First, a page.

Latitude Light, a solar-powered lamp that emits atmospheric light, can be fabricated in many variants according to the customer’s latitude. A global product that is customized for specific locations, the lamp’s geometry can be automatically updated in a digital file so that the tilt of the solar panel changes according to latitude (by tilting the panel at different angles, the lamp’s capacity for electric power generation is optimized in its perpendicularity to the sun’s rays for different latitudes). The portable light needs to bathe in daylight for eight hours a day, with the solar panel facing the sky. Latitude Lights illuminate automatically at dusk, remaining lit for around 5 hours. Because they are powered by the Sun, there are no switches or wires necessary. Latitude Lights have no on or off switch.
Latitude Light is the winner of the 2018 Made in NYC Award and the 2017 A' Design Award. It is representative of nea studio's focus on sustainable design, material research, and technological innovation.
- Photovoltaic module with amorphous thin film solar panel
- Two translucent; 3 x 3 x 3 inch intersecting cubes 3D printed in 1mm-thick strong flexible plastic
Nina Edwards Anker
Raphael Walther, Andrew Cheng, Shahira Hammad
Dave Young, Young Circuits Designs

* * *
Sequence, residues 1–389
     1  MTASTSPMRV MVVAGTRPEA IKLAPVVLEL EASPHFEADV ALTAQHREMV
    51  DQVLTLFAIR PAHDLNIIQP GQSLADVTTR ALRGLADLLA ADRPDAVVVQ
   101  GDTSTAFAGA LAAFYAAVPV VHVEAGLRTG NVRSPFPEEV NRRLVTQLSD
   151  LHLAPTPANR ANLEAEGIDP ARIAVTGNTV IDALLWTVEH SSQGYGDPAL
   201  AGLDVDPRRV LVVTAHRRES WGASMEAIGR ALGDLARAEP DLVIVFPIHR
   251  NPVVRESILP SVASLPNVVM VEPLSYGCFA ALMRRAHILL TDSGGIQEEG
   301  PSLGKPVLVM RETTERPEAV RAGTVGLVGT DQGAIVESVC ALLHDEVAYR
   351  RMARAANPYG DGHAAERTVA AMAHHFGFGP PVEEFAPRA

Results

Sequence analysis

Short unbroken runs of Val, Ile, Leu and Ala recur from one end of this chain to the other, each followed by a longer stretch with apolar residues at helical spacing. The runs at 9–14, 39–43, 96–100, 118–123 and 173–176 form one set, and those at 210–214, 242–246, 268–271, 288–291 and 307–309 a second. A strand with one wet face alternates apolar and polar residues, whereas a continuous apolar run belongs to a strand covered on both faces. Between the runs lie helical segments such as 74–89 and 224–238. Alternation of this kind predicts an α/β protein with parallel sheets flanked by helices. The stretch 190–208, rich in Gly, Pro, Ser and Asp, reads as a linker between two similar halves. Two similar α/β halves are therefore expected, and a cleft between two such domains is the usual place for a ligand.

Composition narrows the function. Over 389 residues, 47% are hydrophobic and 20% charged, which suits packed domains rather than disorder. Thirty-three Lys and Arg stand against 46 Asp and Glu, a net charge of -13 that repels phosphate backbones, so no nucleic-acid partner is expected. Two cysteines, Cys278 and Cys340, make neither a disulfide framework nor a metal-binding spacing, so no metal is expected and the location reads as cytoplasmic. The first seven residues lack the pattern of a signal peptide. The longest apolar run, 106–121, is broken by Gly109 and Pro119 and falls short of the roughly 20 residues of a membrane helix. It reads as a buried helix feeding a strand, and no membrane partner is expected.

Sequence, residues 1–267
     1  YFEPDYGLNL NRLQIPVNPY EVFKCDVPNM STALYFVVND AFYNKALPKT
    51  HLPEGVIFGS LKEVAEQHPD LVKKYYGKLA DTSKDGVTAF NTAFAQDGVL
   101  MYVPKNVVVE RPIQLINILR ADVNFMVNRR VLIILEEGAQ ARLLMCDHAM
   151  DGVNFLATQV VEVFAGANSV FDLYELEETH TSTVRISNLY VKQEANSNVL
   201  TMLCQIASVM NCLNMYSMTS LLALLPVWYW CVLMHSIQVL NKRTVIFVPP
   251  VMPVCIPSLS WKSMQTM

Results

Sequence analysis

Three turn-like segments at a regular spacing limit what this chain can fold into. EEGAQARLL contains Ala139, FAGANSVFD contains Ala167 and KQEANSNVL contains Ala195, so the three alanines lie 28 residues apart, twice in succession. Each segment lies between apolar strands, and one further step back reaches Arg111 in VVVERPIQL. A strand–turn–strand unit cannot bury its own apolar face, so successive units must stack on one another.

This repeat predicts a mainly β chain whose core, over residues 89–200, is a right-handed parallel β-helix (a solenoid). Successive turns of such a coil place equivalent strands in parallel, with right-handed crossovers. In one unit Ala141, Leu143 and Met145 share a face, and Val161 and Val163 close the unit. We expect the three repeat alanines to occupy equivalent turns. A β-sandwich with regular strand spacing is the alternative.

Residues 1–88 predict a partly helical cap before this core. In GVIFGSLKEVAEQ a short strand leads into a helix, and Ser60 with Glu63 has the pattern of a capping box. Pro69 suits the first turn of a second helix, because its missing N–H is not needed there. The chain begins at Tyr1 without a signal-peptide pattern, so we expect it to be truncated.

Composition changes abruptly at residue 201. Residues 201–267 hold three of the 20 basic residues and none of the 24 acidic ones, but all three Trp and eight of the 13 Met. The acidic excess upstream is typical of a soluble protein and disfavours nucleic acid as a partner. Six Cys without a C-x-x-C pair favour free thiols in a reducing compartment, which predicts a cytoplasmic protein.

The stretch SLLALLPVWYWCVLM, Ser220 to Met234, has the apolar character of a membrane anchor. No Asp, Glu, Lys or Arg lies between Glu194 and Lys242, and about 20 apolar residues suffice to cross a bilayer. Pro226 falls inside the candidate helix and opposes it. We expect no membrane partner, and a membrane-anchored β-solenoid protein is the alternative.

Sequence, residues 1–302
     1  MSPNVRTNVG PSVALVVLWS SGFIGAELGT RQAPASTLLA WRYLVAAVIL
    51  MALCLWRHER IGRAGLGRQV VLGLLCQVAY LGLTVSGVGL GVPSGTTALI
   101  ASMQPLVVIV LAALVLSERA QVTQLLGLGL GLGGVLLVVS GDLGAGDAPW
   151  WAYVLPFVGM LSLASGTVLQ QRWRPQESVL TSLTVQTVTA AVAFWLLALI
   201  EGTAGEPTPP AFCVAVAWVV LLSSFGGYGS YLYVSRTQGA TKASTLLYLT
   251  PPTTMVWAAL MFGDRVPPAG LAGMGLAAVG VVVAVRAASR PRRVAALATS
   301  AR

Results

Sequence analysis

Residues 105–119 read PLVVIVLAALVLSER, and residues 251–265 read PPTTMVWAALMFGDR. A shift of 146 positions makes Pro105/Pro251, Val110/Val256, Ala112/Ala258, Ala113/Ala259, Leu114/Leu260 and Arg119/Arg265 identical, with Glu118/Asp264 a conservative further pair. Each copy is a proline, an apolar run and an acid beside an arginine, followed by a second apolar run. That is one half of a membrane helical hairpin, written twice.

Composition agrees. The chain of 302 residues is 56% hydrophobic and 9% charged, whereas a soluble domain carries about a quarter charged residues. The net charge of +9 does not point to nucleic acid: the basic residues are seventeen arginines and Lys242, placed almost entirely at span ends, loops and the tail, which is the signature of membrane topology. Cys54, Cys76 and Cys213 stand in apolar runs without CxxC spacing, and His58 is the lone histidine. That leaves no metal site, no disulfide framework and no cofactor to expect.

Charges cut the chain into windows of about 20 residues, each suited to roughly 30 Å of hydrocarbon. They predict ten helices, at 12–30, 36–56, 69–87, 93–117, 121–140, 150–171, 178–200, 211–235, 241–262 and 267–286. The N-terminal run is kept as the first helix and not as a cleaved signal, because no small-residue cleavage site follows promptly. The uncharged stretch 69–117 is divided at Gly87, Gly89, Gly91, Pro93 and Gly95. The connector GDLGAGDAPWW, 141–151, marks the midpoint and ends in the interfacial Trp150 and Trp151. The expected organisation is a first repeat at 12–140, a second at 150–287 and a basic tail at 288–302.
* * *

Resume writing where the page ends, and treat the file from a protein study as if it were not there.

Michael Edwards, avioWorks
5.3” x 5.3” x 5.3”
13.5cm x 13.5cm x 13.5cm
Latitude Light is a sculpture/solar lamp made from local recycled materials. The light can be assembled in various ways into screens or blown up to inhabitable scale. Two interlocking cubes forms the basic design module. Latitude Light is designed around the material characteristics required by the specified amorphous thin-film photovoltaic panel as a starting point. The lamp is dimensioned to frame the solar panel (15x15cm) and accompanying batteries, wires and LED lights. The PV panels' angles are updated for fabrication according to an ideal tilt for optimal annual power collection in the specified location (41 degrees for NY, NY). The lamps display a range of local recycled materials, where weathered matte materials (teak, Corten steel and green copper) contrast with the new glossy solar panels, and reflective materials (plastic, stainless steel and dichroic glass) mirror the environment, offering unexpected views of the surroundings from diverse angles.